Login to Claremont COURIER

Daniel Albert Guthrie: Bird watcher, biologist, Pitzer professor

Bird watcher, biologist, founding Pitzer professor, environmentalist

Dan Guthrie was a devoted bird watcher, professor and environmentalist. He lived in Claremont for 55 years, where he worked as a biology professor at Joint Science Department (now W.M. Keck Science Department) at the Claremont Colleges.

He died on July 1, surrounded by his family. “Dan instilled a love of the outdoors and scientific personalities in all of us,” his family shared.

He was born in Terra Haute, Indiana in 1939 and was raised in Garden City, New York. As a boy, his parents gave him a wonderful childhood of nature, exploring and adventures outdoors. At 12 years old, he recorded all the birds he had seen, each day for an entire year. His notebooks of bird sightings continued through 2019. He was remarkably passionate about birds and living things for his entire life.

Mr. Guthrie attended Massachusetts’ Amherst College, where he studied biology and played lacrosse. He graduated in 1960 with a degree in biology. He then met and married Judy Blume, a Wellesley graduate that shared his love of the outdoors and science. He then continued his education, earning a master’s degree in biology from Harvard and a doctorate from the University of Massachusetts.

The couple travelled west to collect data for Mr. Guthrie’s doctoral dissertation, “A New Species of Dichobunid Artiodactyl from the Early Eocene of Wyoming.”

The couple had two daughters, Kate and Ruth. The family moved to Claremont in 1964, where he was a founding faculty member of Pitzer College. The family then welcomed a third child, Winnonah.

Every summer the family drove across the United States, camping, looking at birds and collecting fossils. Mr. Guthrie worked several summers for the Webb Schools, taking high school students on fossil digs in the western United States.

Working at Joint Science/Keck, he specialized in comparative anatomy, animal behavior, introductory biology and environmental science. He was instrumental in setting up the department and had a lasting impact on students interested in careers in biology, ecology and medicine.

As a biologist, Mr. Guthrie salvaged and collected an extensive comparative collection of US bird skeletons for use by museums and teachers. He donated his time and expertise to finding and identifying fossil bird bones from many road cuts, excavations, and languishing collections for local educational institutions.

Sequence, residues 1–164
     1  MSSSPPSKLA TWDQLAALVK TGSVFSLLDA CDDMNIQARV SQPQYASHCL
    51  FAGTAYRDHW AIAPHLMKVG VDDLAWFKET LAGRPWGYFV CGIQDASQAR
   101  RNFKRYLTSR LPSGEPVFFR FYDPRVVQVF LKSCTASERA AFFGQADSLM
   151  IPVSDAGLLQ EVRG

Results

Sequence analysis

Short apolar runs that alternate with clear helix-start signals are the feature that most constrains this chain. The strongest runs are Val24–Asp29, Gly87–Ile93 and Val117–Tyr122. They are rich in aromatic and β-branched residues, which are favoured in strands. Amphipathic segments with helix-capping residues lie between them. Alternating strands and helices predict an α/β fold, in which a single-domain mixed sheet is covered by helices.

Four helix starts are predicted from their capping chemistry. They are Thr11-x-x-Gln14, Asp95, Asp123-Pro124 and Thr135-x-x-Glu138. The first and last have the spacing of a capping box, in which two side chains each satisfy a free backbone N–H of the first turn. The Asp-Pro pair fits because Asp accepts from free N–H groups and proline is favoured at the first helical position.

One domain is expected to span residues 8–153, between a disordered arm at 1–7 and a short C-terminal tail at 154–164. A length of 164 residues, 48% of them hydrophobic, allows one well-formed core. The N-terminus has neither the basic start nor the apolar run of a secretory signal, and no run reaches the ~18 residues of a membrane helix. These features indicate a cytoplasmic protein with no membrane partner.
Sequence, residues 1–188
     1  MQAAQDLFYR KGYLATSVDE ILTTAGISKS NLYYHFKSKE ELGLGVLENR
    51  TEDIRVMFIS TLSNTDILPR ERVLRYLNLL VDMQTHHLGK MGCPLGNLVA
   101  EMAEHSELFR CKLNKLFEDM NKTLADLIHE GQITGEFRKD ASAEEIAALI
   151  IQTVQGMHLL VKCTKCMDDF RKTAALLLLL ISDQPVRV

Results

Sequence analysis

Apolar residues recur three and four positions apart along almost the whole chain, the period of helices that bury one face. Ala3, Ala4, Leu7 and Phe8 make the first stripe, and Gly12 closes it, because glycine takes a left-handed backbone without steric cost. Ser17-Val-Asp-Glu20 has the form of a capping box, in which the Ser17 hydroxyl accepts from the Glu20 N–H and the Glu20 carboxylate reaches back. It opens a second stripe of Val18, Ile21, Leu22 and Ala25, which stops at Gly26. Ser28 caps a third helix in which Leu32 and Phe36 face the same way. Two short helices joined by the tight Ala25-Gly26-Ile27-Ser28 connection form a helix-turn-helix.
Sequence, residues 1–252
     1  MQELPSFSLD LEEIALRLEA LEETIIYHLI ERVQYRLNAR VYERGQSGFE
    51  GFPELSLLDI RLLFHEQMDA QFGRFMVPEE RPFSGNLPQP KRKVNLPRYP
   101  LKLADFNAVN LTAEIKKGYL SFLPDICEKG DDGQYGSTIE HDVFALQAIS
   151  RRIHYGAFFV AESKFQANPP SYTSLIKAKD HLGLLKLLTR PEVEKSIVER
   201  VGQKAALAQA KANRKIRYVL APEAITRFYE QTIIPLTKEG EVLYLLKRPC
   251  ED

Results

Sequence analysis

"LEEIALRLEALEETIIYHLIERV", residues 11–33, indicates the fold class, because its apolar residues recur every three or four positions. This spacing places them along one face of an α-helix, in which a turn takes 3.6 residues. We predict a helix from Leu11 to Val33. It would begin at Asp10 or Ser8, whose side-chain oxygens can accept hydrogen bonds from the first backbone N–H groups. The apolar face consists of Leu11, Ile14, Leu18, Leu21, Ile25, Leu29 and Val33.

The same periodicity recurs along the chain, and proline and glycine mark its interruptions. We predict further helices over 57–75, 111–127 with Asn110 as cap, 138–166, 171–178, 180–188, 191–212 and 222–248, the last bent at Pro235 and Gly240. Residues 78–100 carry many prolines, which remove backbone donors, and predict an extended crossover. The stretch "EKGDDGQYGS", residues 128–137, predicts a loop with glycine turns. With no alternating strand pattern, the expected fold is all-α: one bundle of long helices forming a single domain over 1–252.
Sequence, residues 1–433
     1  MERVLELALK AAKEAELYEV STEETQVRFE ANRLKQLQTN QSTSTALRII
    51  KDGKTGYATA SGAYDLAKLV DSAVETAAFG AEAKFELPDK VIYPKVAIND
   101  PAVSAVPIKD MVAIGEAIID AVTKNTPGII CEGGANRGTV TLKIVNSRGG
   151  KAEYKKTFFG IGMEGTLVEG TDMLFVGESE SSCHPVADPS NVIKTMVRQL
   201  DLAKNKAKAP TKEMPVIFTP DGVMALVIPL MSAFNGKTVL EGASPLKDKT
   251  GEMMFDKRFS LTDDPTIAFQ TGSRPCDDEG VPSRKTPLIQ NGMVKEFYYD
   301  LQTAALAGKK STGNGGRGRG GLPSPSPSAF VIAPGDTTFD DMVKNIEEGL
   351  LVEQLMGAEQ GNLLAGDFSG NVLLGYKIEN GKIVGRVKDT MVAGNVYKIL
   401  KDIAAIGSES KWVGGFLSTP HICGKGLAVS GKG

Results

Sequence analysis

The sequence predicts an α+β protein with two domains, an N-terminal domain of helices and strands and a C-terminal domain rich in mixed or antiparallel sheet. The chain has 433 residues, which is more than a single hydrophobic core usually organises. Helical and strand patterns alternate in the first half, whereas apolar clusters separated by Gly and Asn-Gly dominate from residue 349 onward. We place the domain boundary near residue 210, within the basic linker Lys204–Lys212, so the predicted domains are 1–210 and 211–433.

One of his favorite yearly expeditions was to San Miguel Island, outer most of the Channel Island chain, in Southern California. He also had an extensive collection of seaweed that he gathered much of in Alaska’s Aleutian Islands and while birding Attu Island.

He worked for Joint Science/Keck for 48 years, during which he was department chair, lacrosse coach, and helped to plan the new WM Keck Science Center. He authored more than 70 papers and studies in biology and led innumerable field trips both locally and abroad. He was a Fellow for the American Associate for the Advancement of Science and was active in the Southern California Academy of Sciences.

Mr. Guthrie was a very active member of the Pomona Valley Audubon Society, where he served in every capacity over the past 40 years—president, fundraising, birding, program development, newsletter production, and providing free owl pellets to teachers to encourage an appreciation of science in elementary school students.

In 1983, he met Judy Sugden while leading a bird trip to the Salton Sea. Together they shared a passion for bird watching and travel. Mr. Guthrie travelled to more than 40 countries, including Madagascar, Mongolia and Belarus. 

In later years, he took the entire family to the Galapagos and to Alaska. Together, they were able to bird watch, hike, swim and enjoy these remarkably beautiful places. As he got older and it was harder to travel, he managed to bird about twice a week locally, entering data into Cornell University’s eBird database. If he didn’t get to go birding, it made him anxious to get out. He was a world class birder with a respectable “life-list” of 7,153 bird species.

Mr. Guthrie is survived by his three daughters, Kate Poaster, Ruth Guthrie and Winnie Larson, and their spouses, Bob, Dave Overoye and Tom, respectively; eight grandchildren, Lee, Ben, Bobby, Acacia, Sage, Jack, Teddy and Alex; and three great-grandchildren, Aydan, Gavyn and Cypress. 

“Those who knew Dan would say that he wasn’t an enormously social person,” his family shared. “He had a passion for travel and new experiences and really didn’t like meetings and any fuss. Instead of a memorial service, to honor Dan’s memory, the family asks that you take the time to enjoy nature in your day and perhaps go outside and find a Spotted Towhee, a Red-tailed Hawk or, if you’re lucky, maybe a Summer Tanager. Think of Dan while you’re out there.”